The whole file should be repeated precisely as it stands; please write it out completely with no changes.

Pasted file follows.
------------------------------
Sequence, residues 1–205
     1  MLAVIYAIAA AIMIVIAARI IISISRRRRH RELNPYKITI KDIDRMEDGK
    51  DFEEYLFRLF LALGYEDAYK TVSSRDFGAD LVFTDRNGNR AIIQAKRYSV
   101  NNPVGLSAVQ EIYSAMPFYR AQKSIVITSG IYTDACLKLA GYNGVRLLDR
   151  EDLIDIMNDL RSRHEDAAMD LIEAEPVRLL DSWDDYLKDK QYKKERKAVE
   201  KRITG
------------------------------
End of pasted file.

Sequence, residues 1–205
     1  MLAVIYAIAA AIMIVIAARI IISISRRRRH RELNPYKITI KDIDRMEDGK
    51  DFEEYLFRLF LALGYEDAYK TVSSRDFGAD LVFTDRNGNR AIIQAKRYSV
   101  NNPVGLSAVQ EIYSAMPFYR AQKSIVITSG IYTDACLKLA GYNGVRLLDR
   151  EDLIDIMNDL RSRHEDAAMD LIEAEPVRLL DSWDDYLKDK QYKKERKAVE
   201  KRITG